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New York executors of billionaire’s estate vie for money

Leona Helmsley was once called, "the Queen of Mean" before she died in August 2007. The hotel magnate was well known for her outspoken opinions and she once even spent a year and a half in prison for tax evasion. Nevertheless, when Helmsley died she left behind a sprawling estate valued at around $5.4 billion. Now, four men who had once been the executors of that estate are stepping forward and seeking a portion of that estate as compensation for their roles in helping to administer Helmsley's estate.

According to court documents filed with the Manhattan Surrogate's Court, the four executors mention their stewardship of Helmsley's enormous estate through the recent economic downturn as one of the reasons they should share in a $100 million fee split among the four of them. According the quartet, they were instrumental in fending off claims from two of Helmsley's grandchildren whom she had disinherited. They also say that they successfully managed the 80 properties included in Helmsley's estate. The Empire State Building is one of the most notable of those holdings. According to the men, Helmsley also held positions in five corporations and owned 27 other business outright; all of which they claim to have managed.

Helmsley also famously bequeathed a staggering $12 million to her dog Trouble before she died. The four executors & fiduciaries say that they acted as responsible stewards of Helmsley's estate when they convinced a probate judge to trim that amount down to a more reasonable $2 million.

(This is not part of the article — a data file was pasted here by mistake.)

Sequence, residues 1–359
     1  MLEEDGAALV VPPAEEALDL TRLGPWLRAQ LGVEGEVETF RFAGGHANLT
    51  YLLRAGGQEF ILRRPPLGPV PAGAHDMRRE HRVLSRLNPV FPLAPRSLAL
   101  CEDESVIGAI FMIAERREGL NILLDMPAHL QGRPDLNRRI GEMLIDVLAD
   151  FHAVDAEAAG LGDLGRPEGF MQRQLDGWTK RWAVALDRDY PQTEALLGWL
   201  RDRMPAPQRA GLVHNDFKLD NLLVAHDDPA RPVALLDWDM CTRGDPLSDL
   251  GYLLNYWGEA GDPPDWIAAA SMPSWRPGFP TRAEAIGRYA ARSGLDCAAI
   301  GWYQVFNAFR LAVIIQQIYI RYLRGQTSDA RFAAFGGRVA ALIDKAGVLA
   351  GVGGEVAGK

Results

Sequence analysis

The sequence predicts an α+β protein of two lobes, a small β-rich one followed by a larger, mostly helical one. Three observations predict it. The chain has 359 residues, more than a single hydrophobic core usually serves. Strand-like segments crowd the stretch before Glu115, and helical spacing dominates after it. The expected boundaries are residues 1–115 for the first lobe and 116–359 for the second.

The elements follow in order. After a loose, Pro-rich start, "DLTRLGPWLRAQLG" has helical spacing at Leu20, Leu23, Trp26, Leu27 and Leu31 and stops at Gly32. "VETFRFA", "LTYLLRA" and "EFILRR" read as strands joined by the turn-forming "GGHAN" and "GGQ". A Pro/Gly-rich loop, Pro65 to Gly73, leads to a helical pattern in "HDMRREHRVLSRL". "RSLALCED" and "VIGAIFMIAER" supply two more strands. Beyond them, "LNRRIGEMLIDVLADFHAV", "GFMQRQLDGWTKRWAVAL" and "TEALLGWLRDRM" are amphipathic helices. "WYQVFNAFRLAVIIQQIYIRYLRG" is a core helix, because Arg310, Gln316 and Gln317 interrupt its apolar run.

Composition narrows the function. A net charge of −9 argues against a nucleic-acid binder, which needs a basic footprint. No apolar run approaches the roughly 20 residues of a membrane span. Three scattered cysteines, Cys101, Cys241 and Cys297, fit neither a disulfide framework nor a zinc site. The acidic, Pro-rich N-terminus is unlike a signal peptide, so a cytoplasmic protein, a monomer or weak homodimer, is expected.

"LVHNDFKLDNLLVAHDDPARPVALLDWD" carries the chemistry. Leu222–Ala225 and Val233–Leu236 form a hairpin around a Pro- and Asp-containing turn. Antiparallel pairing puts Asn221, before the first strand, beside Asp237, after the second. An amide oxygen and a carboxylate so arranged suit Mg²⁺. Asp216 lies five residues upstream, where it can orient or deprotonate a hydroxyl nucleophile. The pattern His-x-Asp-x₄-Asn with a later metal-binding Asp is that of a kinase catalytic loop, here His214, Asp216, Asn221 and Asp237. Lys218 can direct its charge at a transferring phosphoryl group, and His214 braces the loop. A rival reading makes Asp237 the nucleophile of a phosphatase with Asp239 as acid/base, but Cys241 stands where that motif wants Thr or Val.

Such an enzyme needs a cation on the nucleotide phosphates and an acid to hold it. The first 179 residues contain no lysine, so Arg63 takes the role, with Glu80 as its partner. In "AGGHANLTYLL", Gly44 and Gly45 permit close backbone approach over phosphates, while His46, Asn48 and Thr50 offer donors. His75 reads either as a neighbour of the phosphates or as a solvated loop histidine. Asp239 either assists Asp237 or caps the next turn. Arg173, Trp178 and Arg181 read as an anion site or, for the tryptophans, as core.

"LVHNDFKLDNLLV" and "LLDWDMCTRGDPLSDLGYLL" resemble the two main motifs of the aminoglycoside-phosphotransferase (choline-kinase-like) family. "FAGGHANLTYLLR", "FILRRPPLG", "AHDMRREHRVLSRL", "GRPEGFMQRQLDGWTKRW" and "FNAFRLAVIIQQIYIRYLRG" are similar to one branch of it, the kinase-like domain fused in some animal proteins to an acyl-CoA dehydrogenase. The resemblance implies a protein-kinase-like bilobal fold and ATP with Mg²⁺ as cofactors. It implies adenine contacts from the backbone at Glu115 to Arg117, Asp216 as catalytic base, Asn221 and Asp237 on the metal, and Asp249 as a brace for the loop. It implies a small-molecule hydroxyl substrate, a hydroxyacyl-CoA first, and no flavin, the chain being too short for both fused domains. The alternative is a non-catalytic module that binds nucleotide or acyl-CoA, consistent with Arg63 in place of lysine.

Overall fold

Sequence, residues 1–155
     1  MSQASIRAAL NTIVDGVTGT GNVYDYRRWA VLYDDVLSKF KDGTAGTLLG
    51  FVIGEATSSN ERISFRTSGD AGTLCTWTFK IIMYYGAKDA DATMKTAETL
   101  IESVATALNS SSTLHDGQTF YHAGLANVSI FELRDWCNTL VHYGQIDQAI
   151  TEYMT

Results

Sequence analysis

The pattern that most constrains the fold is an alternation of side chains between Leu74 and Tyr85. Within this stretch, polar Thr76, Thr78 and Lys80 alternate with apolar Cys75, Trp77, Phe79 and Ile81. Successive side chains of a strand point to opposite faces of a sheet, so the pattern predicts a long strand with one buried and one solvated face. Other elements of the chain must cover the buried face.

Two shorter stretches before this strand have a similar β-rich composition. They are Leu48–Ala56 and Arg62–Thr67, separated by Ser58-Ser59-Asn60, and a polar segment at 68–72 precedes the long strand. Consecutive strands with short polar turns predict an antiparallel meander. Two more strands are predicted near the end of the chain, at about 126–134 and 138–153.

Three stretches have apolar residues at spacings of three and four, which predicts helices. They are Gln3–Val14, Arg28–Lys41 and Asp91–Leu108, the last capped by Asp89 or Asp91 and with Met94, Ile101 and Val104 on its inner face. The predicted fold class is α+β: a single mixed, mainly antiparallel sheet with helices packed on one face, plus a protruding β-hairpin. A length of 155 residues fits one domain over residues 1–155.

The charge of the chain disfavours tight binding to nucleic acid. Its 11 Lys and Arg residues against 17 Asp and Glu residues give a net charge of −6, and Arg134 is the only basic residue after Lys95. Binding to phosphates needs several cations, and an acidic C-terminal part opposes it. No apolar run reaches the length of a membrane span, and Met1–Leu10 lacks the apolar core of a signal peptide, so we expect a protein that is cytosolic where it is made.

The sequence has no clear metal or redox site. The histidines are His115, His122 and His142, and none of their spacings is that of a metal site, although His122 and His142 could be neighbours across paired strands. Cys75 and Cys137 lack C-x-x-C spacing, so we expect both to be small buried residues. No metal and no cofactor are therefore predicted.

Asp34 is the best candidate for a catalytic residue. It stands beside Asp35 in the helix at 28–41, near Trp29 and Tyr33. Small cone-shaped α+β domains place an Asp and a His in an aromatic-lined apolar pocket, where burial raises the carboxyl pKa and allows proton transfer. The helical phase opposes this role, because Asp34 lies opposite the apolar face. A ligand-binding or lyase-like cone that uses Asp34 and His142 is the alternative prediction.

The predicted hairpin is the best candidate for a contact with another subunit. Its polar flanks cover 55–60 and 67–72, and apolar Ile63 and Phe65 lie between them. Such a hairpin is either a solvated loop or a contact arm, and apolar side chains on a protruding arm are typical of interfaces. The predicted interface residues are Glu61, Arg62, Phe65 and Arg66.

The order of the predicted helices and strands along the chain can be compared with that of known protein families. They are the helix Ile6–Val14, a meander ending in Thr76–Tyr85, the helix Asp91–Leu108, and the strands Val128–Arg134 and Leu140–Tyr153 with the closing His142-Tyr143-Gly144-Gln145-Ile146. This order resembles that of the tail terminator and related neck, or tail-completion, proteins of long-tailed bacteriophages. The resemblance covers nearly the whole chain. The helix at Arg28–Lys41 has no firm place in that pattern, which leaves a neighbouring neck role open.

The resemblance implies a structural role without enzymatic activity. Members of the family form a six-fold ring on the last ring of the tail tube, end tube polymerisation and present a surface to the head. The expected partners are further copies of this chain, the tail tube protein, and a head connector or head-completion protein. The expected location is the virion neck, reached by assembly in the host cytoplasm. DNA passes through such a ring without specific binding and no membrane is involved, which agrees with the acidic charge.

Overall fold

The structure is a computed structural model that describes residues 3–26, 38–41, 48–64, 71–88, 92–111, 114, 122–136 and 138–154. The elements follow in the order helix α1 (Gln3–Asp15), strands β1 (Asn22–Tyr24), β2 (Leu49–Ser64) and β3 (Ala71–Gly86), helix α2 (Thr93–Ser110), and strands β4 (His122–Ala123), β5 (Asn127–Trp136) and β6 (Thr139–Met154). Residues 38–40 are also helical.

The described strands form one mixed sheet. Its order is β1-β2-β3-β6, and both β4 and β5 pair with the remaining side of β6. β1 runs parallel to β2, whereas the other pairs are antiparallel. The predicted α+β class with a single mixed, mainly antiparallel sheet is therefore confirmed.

Presumably, $3.6 million would be deducted from the $100 million the four are now seeking. The four men were awarded the smaller amount as part of an advance to them back in 2009.

People forming an estate should have a clear idea about the compensation for those entrusted to act as its executors. Consulting first with legal advocates experienced in complex estate litigation can result in forming a good roadmap to ensure financial responsibilities are clearly defined. Proper planning done now can head off future probate litigation, challenges to the estate by other supposed heirs and other potential problems.

Source: New York Daily News, "Executors of Leona Helmsley’s $5.4 billion estate seek meager $100 million as fee" Barbara Ross, Larry McShane, Jun. 12, 2014

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